2008.05.14 > For Immediate Release
contact: Tim Kaldahl - University Relations
phone: 402.554.3502 - email: email@example.com
UNO to Host Training for Seismic Recording Stations
Omaha - The University of Nebraska at Omaha (UNO) Department of Geography and Geology will host 16 students from four states who will receive training on how to find sites for seismic recording stations in those states. This array is part of a deep geophysical investigation that spans the entire North American continent and which is funded by the National Science Foundation. The four-day introductory workshop on the Transportable Array starts May 19 and provides students an opportunity to participate in a national research project.
Robert Shuster, associate professor of geology, serves as the principal investigator for the project at UNO. Harmon Maher, UNO’s interim director of research and creative activity, is co-principal investigator. Four UNO undergraduate students will be part of the sixteen students receiving training. The other institutions involved include the University of North Dakota, the South Dakota School of Mines and the University of Kansas.
“This is a terrific project. The Transportable Array is a network of 400 high-quality, portable broadband seismometers that are being placed in temporary sites across the U.S,” Shuster said. “The four day introductory workshop will teach the students how to identify locations for seismic stations and how to approach and work with landowners who will host the equipment on their property. They will also learn how the equipment and software are used and how seismic data can tell us something about the make-up and structure of the Earth’s crust below the Midcontinent region.”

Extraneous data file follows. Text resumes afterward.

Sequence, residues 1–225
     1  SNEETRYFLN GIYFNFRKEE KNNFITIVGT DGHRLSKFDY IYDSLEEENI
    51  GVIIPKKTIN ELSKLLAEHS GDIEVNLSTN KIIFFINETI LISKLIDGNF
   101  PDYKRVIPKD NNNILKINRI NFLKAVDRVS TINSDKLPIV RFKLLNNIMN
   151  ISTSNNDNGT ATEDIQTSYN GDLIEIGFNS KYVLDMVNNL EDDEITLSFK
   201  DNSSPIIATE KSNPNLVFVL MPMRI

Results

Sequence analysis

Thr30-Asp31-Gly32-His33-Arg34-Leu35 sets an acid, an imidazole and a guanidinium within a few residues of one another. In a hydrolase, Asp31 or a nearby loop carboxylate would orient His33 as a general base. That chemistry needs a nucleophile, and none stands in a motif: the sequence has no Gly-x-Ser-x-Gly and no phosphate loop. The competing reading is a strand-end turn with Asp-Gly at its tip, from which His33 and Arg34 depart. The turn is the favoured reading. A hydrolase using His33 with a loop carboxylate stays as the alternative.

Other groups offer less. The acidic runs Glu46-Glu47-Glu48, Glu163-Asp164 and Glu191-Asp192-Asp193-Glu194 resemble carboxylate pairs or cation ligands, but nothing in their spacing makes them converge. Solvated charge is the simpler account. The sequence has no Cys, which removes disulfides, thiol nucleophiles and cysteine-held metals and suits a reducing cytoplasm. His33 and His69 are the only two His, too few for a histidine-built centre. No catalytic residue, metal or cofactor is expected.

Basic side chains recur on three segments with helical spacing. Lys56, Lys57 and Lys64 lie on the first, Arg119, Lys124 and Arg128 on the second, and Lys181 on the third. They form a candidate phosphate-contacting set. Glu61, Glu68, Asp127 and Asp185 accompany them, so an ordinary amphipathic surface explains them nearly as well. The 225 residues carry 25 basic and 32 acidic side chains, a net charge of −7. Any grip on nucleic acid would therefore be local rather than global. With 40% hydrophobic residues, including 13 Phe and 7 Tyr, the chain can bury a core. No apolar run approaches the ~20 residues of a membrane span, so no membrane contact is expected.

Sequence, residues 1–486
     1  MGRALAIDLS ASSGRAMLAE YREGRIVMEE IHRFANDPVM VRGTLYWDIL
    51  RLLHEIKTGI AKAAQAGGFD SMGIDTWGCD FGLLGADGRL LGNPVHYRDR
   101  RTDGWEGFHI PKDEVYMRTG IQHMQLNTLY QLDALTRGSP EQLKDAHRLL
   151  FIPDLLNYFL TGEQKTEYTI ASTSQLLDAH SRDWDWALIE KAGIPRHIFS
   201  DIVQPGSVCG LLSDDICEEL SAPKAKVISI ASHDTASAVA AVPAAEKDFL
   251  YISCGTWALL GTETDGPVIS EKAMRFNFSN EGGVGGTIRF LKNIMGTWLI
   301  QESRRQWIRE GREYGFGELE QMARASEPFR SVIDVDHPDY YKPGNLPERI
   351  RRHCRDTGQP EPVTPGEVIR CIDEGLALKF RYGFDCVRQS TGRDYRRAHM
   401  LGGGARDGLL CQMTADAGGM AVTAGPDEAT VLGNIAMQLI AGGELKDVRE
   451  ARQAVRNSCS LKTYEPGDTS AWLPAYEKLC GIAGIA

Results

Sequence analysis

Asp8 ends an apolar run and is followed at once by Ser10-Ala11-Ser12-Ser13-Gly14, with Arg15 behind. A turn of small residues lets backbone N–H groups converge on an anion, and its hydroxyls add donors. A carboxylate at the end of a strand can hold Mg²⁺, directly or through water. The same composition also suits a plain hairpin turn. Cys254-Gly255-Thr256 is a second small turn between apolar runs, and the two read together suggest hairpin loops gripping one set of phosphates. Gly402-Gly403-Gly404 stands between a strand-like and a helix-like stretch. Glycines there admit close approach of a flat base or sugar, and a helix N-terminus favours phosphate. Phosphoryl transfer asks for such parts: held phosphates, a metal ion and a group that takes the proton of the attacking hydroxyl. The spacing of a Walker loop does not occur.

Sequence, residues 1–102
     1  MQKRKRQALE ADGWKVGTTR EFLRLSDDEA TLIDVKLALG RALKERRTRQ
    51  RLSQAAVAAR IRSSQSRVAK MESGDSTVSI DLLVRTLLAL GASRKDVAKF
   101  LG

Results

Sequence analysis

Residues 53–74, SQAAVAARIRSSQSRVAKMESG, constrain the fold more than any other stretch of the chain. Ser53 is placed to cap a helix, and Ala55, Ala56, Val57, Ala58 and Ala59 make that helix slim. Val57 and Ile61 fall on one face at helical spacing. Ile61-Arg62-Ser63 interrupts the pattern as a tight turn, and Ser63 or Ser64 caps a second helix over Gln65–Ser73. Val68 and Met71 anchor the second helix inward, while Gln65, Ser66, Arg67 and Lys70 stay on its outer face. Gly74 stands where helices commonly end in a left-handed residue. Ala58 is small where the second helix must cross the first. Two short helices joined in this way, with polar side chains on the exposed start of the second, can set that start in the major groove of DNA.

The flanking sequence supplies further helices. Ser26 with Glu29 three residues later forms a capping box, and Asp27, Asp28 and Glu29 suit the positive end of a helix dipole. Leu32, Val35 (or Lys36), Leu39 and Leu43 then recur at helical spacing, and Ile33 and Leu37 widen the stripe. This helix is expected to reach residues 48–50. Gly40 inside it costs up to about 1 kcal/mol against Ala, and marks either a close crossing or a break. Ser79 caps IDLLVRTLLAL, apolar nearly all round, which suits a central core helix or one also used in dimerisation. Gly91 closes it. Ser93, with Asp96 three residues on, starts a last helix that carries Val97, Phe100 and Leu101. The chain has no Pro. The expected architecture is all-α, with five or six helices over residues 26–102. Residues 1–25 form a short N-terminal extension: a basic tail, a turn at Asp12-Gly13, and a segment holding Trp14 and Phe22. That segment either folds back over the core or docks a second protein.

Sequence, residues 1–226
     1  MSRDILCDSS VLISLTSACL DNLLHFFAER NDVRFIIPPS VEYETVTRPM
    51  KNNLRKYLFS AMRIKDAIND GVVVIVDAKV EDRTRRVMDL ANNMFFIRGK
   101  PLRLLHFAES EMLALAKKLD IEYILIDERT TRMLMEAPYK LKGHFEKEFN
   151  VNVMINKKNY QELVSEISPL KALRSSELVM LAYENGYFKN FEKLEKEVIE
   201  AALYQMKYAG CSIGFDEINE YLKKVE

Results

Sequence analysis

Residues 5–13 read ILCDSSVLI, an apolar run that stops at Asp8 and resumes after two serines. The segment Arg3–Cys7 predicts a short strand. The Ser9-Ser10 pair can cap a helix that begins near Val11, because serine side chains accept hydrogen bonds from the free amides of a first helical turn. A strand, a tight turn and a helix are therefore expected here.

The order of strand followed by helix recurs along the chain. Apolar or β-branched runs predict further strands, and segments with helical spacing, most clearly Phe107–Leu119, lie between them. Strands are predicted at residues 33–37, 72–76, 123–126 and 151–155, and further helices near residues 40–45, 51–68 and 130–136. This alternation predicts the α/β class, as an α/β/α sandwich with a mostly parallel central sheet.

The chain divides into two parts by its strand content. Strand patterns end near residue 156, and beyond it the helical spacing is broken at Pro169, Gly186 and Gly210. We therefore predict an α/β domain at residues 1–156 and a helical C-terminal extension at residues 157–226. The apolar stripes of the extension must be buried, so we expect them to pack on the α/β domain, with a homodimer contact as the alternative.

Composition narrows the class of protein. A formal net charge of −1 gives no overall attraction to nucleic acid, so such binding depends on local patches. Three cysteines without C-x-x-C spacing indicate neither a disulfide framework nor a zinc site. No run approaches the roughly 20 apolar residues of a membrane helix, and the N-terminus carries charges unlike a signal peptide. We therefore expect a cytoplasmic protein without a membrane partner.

The seismic study is part of EarthScope (www.earthscope.org), a large research project funded by the National Science Foundation. This summer’s work will involve more than 300 sites in six Midwestern states. After the UNO workshop, the students working on the 10-week project will receive a weekly stipend and travel expenses and will be provided equipment including laptops, cameras and GPS units.
The array was started in 2004 along the west coast and will eventually occupy about 2,000 locations across the continental United States and Alaska over a 10 to12 year period. The seismic stations are placed about 45 miles apart in a grid-like fashion and remain on site for two years. Sites near the Omaha area will include one near Fremont and another closer to Lincoln. In total, there will be more than 40 sites in Nebraska.
“The stations are not terribly big and are not intrusive,” Shuster said. “They transmit the data they record in near-real time and are operated remotely.” He added that the students will be allowed to use data collected from the Transportable Array for their own research. For more information, call (402) 554-3502.
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UNO will celebrate its 100th anniversary beginning October 8, 2008. This celebration will recognize the partnership among the City of Omaha, its citizens and UNO to build a vibrant and dynamic community. The centennial theme is “UNO: Central To Our City Since 1908.” This theme acknowledges the past contributions of UNO to the community and sets the stage for great things to come.
UNO, inaugurated in 1968, emerged from the Municipal University of Omaha, established in 1931, which grew out of the University of Omaha founded in 1908. For Centennial information, go to http://www.unomaha.edu/100/.
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